Beyond Bone Health: Amazing Secrets Of The Save Our Bones 80/20 pH-Balanced Diet

An amino acid called methionine, found largely in animal protein, is a key player in the 80/20 pH balance. Too much can cause bone damage, yet a moderate amount is necessary for building strong bones.

This ties in with the pH-balanced diet (80% alkalizing, 20% acidifying foods) at the heart of the Save Our Bones Program.

In today’s post, we’re going to explore the role of methionine and how it relates to the 80/20 diet and your bone health. I also share several exciting studies that reveal little-known confirmed benefits of the methionine-restricted 80/20 pH-balanced diet.

So let’s get started!

Why An 80/20 Balance?

Certain foods have either an alkalizing or acidifying effect on the body. It has little to do with the food’s actual acid content before it is consumed. Rather, it has to do with the pH of the food after it goes through the digestive process, namely, the ash residue. In fact, to determine a food’s pH, it’s burned in a process similar to digestion, and then the pH of the ashes is measured.

This indicates how the food will act in the body. If the majority of your diet is made up of acidifying foods (as in the typical Western diet), then your body’s buffering system is quickly depleted. Alkalizing minerals, mainly calcium, are pulled from your bones to neutralize the acidic environment. This sets the stage for osteoporosis, but it does not mean acidifying foods are bad. In fact, some of them have valuable nutrients, like methionine.

What Is Methionine?

When the body metabolizes protein, it breaks it down into individual amino acids, including methionine. Excess methionine gets further broken down into bone-damaging homocysteine.

Homocysteine hinders the formation of collagen, a flexible protein that gives bone its tensile strength. This may be why high levels of homocysteine are associated with an increased risk of hip fractures.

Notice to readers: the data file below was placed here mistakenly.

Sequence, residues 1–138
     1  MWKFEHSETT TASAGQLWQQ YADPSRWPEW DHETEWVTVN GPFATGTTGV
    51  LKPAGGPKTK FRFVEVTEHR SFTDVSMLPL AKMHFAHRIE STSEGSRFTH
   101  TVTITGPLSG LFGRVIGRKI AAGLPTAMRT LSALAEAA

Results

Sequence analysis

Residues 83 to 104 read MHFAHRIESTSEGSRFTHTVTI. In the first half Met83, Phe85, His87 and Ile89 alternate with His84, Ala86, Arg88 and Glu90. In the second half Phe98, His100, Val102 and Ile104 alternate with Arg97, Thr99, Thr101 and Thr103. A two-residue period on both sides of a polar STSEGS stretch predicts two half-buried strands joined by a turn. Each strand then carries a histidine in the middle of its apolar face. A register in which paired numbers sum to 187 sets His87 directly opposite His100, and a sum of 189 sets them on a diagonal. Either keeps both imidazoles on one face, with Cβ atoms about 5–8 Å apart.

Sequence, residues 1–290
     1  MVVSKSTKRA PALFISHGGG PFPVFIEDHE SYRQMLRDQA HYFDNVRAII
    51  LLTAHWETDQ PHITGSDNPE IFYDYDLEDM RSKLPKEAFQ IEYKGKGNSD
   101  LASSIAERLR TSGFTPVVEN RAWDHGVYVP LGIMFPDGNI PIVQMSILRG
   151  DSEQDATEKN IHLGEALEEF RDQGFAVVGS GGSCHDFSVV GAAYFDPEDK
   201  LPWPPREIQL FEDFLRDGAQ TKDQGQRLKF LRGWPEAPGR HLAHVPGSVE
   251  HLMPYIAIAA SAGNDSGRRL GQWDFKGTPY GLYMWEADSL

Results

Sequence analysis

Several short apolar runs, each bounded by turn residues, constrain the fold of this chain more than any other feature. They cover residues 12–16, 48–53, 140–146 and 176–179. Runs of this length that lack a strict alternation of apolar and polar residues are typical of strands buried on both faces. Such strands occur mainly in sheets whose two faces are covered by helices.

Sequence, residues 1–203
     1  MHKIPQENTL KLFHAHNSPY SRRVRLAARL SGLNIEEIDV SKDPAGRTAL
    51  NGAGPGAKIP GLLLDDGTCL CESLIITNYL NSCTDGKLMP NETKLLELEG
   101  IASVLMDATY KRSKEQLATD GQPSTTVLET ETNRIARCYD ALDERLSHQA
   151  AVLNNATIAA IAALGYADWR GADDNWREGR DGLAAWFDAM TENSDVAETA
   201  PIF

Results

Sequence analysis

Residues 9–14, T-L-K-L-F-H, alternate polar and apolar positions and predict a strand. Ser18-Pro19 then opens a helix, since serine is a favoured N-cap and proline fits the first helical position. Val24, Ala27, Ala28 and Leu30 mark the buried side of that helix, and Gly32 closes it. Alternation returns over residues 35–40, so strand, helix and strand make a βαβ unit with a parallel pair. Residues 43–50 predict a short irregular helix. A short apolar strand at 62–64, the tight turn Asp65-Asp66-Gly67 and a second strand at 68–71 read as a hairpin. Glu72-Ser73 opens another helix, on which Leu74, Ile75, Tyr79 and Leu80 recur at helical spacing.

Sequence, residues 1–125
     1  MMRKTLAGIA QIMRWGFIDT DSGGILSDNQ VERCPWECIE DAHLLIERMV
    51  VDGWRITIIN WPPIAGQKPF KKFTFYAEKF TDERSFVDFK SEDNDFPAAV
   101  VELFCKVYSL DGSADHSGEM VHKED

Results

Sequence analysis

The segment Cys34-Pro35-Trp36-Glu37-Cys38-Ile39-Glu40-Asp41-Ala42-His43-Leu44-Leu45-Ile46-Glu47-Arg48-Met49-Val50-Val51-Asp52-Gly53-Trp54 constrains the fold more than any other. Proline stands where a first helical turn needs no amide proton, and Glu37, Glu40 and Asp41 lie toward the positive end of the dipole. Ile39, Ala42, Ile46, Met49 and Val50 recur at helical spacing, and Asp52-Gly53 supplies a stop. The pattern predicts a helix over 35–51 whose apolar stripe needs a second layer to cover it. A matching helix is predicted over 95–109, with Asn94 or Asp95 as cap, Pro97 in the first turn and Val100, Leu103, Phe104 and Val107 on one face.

Methionine is found in large quantities in acidifying animal protein. But this does not mean it’s “all bad,” or needs to be avoided altogether. I’ll explain.

Why You Need Some Methionine

The Save Our Bones Program nutritional plan is an approximate 80/20 ratio, as described above. It’s easy to forget the 20% and assume that you should avoid acidifying foods altogether. So it’s wise to make that 20% count by including nutrient-dense Foundation Foods, like grass-fed beef, eggs, or wild-caught salmon.

These are examples of methionine-rich foods, and moderate amounts are beneficial – even essential. Here’s why.

Methionine Is Required To Manufacture Cysteine

Methionine is a precursor of cysteine, which in turn, is a precursor to glutathione, the Master Antioxidant, making it a pivotal nutrient in the fight against oxidative damage to your bones, liver, and kidneys.

Healthy kidneys and liver are absolutely crucial for strong bones. Your kidneys play a central role in the alkalization process, and your liver is your primary organ for detoxification (the kidneys also detoxify).

Most importantly, liver cells convert methionine into cysteine, which, as noted above, is essential for the manufacture of glutathione.

In fact, a deficiency in cysteine can contribute to the signs and symptoms of aging, and research shows that cysteine reverses many signs of the aging process.

But remember that excess methionine gets converted into homocysteine, which actually damages bone.

Speaking of the aging process…

Study Shows That Decreased Methionine Intake Promotes Longevity

A study shows that rats fed a restricted protein diet exhibited decreased production of free radicals (also known as reactive oxygen species, or ROS) and low rates of oxidative damage to the liver and mitochondrial DNA. Most notably, protein restriction increased their longevity.1

Interestingly, no such benefits were observed when rats were fed low-carb or low-fat diets in this study, which further confirms the Program’s emphasis on nutritious carbs (fruits and vegetables) and healthy fats to balance the diet.2

The study notes that:

“[…] methionine restriction also decreases mtROS generation and oxidative stress in rodent tissues, and this manipulation also increases maximum longevity in rats and mice. In addition, excessive dietary methionine also increases mtROS generation in rat liver.”1

The evidence is clear: restriction of animal protein and not complete avoidance (as recommended in the Program) makes for the optimal amount of methionine in your system.

Methionine Restriction Also Benefits The Brain And Kidneys

Building on this research, another study explored ROS production and oxidative stress in the brains and kidneys of rats. Two groups of rats were fed diets that were the same except for the methionine content – one group was fed a diet that contained 40% less methionine.

Rats fed the reduced-methionine diet showed decreased production of ROS, lower oxidative damage to kidney mitochondria DNA, and also decreased amounts of damaging proteins in brain and kidney mitochondria.3